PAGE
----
The researchers believe that the two teenagers lived around 2,700 years ago and were found adorned with gold.
The graves and burial mound of two Iron Age teenagers have been excavated in Kazakhstan to reveal a treasure trove of fine items.
The team of researchers behind the excavation believe that the two teenagers, one boy and one girl, lived around 2,700 years ago. Their graves were found in a valley in the remote Tarbagatai Mountains located in the eastern part of Kazakhstan where the country meets northern China.
The grave of the minimal remains of the 16-year-old woman had been looted. The skeletal remains of the male teenager, though, who is believed to have been no older than 19 when he died, were undisturbed.
The boy wore a golden torc around his neck, had a gold and bronze dagger in his hand, and was buried with a gold-plated wooden quiver holding arrows with bronze tips. Both of them were wearing finery that was once adorned with gold beads and appliqués of intricate, miniature deer heads with massive antlers.
The researchers, led by Zainolla Samashev, director of the Margulan Institute of Archaeology, believe that the teenagers both belonged to the Saka, a nomadic people who spread out across large portions of Central Asia from the eight to second century B.C. The Saka people were expert horsemen who moved across the region for hundreds of years before being conquered by invaders from Turkey.
The elaborate graves of the two teenagers are only a fraction of the incredible discoveries that have come out of the Tarbagatai Mountains.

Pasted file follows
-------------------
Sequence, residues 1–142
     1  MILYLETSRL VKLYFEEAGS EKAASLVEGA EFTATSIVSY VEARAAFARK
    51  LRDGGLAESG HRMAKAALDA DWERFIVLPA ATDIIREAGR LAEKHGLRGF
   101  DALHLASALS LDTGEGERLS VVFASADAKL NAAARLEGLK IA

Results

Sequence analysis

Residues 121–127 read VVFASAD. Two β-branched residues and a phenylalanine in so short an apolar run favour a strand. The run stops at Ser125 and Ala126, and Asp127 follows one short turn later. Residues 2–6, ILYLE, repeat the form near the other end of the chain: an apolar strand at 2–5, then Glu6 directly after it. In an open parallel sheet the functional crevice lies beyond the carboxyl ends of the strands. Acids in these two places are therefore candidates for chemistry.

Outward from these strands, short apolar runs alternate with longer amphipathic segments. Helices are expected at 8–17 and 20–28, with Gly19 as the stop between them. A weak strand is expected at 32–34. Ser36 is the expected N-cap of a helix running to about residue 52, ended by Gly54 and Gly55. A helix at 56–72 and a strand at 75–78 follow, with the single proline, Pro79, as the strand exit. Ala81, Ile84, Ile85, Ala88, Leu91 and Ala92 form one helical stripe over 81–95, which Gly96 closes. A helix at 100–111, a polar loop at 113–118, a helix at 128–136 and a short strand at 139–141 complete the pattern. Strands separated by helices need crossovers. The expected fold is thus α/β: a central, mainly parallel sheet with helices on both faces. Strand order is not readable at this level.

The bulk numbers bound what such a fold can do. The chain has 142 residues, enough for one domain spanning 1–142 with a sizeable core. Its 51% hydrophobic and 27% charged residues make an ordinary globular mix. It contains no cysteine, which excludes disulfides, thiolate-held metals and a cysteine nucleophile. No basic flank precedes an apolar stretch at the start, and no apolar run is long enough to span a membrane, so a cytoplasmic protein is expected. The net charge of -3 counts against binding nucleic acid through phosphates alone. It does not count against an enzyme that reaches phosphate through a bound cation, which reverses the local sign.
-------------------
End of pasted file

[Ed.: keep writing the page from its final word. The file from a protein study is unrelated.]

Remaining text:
Earlier this year, at the same site in Kazakhstan, Samashev’s unearthed large amounts of jewelry. Some of the pieces discovered included bell-shaped earrings, a necklace adorned with precious stones, and many chains and golden plates.
The treasure trove included nearly 3,000 pieces of priceless items and was believed to have belonged to royal or elite members of the Saka people.
The plateau which is home to these amazing discoveries is believed to house nearly 200 burial mounds. Saka kings regarded this plateau as “paradise” and it could explain why some of the mounds found here are stocked full of jewelry and other precious items.
One of the most famous discoveries regarding the Saka people happened in 1969 just outside of Almaty, Kazakhstan. A team of archaeologists found a tomb belonging to a prominent warrior who was buried with a total of 4,800 gold items. Some scholars believe that the young man was a king who died when he was only 18-years-old.
The history of the Saka people runs deep through Kazakhstan, and it is clear that the discoveries regarding the mysterious society are only getting started.
Next, take a look at Kazakhstan’s submerged forest, Lake Kaindy. After that, check out Truk Lagoon, World War II’s most haunting undersea graveyard.